Award Date


Degree Type


Degree Name

Master of Arts (MA)



First Committee Member

Jefferson Kinney

Second Committee Member

Laurel Pritchard

Third Committee Member

Joel Snyder

Fourth Committee Member

Frank Van Breukelen

Number of Pages



Schizophrenia is a debilitating mental disorder that affects up to 3% of the world population. The behavioral symptoms are categorized into positive and negative symptoms, which appear during late adolescence/early adulthood. Unfortunately, the underlying cellular and molecular mechanisms of the disease are poorly understood. Several hypotheses exist to explain mechanisms contributing to these behavioral alterations. One model proposes that a reduced function of the NMDA glutamate receptor on specific GABAergic interneurons may be responsible for deficits in schizophrenia. Post-mortem investigations provide evidence of reductions in both glutamate and GABA-related proteins in patients with schizophrenia. Further, GABAergic interneurons that are activated by glutamate via NMDA receptors are important for oscillatory activity involved with sensory processing and cognitive function. Alterations in the function of NMDA receptors on GABAeric interneurons are implicated in regulating neural network activity and, if disrupted, could potentially lead to altered brain function and deficits seen in schizophrenia. Several investigations have demonstrated reduction in NMDA receptor function or GABA receptor function induces deficits consistent with schizophrenia. Recent approaches have also focused on changes in NMDA or GABA function related to schizophrenia as a neurodevelopmental disorder. This approach suggests that alterations in either system during brain development may result in behavioral deficits later in life. The purpose of the below studies was to determine if changes in NMDA receptor function or alterations in downstream GABA receptor function during development in rodent pups results in behavioral or biochemical alterations in adulthood that are relevant to schizophrenia. The data reveal that altering these receptor systems in development produce deficits in adulthood. Changes in sensorimotor gating, spatial learning and memory, and differential expression of multiple GABA related proteins in the brain tissue were observed in these animals.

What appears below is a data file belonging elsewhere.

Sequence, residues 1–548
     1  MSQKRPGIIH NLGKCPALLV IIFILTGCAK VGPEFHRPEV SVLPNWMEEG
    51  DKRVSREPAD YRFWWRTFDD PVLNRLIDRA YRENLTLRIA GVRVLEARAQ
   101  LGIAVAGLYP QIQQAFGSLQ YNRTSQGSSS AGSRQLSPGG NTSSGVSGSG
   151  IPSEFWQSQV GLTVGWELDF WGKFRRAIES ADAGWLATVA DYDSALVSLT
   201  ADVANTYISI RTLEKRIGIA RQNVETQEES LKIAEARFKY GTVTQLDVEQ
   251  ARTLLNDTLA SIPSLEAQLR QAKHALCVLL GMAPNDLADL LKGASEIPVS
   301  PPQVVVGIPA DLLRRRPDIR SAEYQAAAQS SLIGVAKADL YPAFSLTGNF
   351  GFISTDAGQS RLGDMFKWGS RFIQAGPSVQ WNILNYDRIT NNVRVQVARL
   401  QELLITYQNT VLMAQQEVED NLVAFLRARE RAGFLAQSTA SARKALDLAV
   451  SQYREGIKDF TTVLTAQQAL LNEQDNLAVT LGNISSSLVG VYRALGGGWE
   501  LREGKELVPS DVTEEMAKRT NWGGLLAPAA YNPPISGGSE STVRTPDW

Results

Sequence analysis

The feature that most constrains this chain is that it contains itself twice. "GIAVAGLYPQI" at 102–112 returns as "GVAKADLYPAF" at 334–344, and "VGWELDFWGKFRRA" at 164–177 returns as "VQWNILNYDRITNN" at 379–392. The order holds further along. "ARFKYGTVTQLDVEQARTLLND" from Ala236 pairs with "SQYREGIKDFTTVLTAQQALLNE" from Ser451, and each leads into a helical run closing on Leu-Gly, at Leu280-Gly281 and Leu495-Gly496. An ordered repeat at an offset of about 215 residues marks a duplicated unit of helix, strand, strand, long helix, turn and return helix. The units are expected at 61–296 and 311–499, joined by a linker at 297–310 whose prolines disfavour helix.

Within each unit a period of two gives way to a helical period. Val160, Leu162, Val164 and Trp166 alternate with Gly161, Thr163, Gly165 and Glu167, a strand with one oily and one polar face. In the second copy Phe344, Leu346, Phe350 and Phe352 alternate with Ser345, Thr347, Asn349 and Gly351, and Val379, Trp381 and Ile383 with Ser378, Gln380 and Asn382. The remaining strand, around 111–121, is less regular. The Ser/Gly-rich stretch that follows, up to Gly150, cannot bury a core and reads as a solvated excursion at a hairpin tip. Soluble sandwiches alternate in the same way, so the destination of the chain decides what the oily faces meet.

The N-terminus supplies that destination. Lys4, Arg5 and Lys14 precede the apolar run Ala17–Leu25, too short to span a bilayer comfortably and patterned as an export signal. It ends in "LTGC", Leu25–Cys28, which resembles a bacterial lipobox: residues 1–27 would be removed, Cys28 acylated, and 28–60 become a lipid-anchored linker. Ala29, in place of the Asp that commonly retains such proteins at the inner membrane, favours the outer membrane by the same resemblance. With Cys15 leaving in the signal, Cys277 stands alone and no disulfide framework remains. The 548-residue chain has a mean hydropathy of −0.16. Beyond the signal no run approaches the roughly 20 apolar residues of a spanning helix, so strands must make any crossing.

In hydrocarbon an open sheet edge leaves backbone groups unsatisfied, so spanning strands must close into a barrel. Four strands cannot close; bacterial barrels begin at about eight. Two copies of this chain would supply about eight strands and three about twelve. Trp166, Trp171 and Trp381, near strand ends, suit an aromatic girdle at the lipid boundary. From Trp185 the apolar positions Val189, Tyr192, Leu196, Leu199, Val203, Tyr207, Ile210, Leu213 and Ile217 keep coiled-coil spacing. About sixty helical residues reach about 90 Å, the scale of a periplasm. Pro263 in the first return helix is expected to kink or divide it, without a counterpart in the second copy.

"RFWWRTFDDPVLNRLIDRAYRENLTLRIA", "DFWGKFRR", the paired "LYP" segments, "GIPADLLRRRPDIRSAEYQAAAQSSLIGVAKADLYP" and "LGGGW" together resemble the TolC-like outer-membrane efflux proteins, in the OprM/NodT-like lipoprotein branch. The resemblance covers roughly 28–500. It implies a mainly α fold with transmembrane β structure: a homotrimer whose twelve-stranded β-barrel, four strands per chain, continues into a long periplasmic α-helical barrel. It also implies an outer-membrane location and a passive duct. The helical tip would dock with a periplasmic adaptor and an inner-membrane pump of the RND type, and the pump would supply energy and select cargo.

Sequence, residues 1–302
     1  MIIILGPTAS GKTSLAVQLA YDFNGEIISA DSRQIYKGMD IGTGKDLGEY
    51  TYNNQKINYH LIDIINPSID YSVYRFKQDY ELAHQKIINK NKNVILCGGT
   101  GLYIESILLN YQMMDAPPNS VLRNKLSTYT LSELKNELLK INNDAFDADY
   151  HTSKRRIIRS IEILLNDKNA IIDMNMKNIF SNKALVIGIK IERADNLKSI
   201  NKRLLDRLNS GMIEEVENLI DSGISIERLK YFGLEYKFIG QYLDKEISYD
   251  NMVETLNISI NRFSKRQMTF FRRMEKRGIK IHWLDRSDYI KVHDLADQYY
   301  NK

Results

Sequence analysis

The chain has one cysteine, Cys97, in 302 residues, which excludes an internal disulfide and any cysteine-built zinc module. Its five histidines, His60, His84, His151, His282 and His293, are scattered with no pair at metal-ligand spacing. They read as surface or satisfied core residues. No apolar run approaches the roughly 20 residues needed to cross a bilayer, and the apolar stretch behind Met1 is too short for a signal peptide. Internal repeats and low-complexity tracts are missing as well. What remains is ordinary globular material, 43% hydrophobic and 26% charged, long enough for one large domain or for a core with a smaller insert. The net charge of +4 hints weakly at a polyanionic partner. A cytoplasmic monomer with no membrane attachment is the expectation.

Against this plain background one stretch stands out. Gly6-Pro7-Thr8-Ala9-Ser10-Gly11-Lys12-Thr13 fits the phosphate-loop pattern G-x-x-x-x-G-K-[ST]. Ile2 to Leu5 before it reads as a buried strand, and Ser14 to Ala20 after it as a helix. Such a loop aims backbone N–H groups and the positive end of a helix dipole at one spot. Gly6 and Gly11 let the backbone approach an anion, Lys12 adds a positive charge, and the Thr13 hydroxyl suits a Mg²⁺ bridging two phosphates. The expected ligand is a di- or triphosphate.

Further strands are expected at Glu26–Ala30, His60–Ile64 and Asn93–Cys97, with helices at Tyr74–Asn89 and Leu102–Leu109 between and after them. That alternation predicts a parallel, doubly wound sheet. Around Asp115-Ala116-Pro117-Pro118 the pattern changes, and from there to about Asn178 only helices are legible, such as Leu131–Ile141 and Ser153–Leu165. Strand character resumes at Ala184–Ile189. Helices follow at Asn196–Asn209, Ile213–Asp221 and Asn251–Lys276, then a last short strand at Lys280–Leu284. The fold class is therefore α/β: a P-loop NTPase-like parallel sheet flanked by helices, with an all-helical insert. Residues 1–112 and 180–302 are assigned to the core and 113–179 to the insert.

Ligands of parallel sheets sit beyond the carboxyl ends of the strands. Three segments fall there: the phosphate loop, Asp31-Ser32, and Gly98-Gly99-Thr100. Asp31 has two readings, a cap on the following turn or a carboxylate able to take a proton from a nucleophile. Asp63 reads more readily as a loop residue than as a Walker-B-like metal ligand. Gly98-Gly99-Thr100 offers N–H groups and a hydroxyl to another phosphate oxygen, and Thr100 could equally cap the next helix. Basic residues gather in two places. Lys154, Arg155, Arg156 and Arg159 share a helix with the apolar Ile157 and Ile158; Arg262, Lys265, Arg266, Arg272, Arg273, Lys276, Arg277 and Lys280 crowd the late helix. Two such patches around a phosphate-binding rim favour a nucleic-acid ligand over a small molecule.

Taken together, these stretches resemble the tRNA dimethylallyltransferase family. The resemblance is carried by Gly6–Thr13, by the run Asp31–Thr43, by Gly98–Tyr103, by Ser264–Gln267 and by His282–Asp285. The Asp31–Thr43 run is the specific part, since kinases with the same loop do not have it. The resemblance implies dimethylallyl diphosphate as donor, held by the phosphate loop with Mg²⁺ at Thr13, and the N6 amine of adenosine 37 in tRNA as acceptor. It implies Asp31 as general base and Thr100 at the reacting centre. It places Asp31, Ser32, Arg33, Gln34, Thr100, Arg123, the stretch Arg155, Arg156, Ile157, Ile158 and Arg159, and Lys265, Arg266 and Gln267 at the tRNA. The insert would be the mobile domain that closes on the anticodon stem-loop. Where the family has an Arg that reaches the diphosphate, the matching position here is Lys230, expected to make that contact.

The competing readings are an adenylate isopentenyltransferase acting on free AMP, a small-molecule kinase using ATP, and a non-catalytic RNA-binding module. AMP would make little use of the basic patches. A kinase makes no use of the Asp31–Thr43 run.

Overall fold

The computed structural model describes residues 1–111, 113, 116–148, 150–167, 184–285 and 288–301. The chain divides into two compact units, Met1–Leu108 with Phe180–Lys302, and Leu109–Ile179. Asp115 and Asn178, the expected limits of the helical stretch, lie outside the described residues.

Development; GABA; GABA – Receptors; Methyl aspartate; NMDA; Prepulse inhibition; Schizophrenia; Water maze


Biology | Medical Neurobiology | Neuroscience and Neurobiology | Neurosciences | Psychology

File Format


Degree Grantor

University of Nevada, Las Vegas




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